Effects of the Skiing Industry on the Environment

The following project was written in 1993 as part of my studies towards a B.A. Honours degree in Modern Languages from Coventry University. As part of the four year course, students were required to spend their third year of study at a foreign university, studying alongside native students.

At the time of researching and writing the project, I was studying at Stendhal University in Grenoble, France.

Grenoble is considered by the French to be the capital of the Alps, and as a keen skier at the time, and someone who had (and still has) a love of the Alps, I had jumped at the opportunity to study in that part of the world.

In the early 1990s, the environmental movement was starting to make serious in-roads into mainstream politics. I had a genuine interest in the ecological welfare of the planet, both on a global and a local scale, and a love of skiing. Grenoble is home to organisations which have a direct involvement in management and protection of the Alpine ecology, so it seemed like the ideal opportunity to write a project based around two of my interests, with very good research resources in the vicinity, and to see if I could reconcile my love of skiing with my emerging concern for ecological issues.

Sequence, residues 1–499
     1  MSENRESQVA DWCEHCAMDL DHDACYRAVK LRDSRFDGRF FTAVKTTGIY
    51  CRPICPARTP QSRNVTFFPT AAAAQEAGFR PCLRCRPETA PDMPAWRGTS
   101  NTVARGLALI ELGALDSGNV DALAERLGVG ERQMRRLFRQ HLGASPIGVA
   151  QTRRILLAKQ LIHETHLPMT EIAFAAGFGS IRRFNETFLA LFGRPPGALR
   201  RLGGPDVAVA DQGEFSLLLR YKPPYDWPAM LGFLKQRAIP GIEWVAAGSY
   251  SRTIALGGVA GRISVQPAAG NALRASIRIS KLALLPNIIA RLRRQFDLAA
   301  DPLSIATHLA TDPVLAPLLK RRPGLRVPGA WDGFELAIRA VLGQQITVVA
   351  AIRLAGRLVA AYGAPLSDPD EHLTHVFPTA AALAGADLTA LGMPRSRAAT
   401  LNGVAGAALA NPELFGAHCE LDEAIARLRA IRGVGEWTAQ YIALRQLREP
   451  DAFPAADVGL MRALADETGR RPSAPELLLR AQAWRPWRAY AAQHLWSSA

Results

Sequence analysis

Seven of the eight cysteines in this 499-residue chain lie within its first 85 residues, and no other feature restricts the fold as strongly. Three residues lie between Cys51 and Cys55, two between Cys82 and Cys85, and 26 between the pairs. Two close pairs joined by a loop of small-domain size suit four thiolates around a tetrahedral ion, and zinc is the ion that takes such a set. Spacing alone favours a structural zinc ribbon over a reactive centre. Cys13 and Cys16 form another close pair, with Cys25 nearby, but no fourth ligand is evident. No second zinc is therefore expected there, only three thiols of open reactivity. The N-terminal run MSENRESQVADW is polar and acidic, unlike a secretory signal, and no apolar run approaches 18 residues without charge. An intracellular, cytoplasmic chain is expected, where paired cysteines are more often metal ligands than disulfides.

Time has moved on since 1993 and some of the horrific consequences of global warming (a pressing concern at the time of writing following a period of low snowfall over the preceding years) may not have turned out to have been as bad as predicted by some, but on reading the project through again, I am sure that much of the content is equally applicable today, nearly twenty years later; in particular where this relates to sustainable development of skiing facilities in the mountains.

I graduated in 1994 with a First Class degree, so all the effort was worth it in the end!

John Chivers - December, 2010 (Taken from the foreword of the document)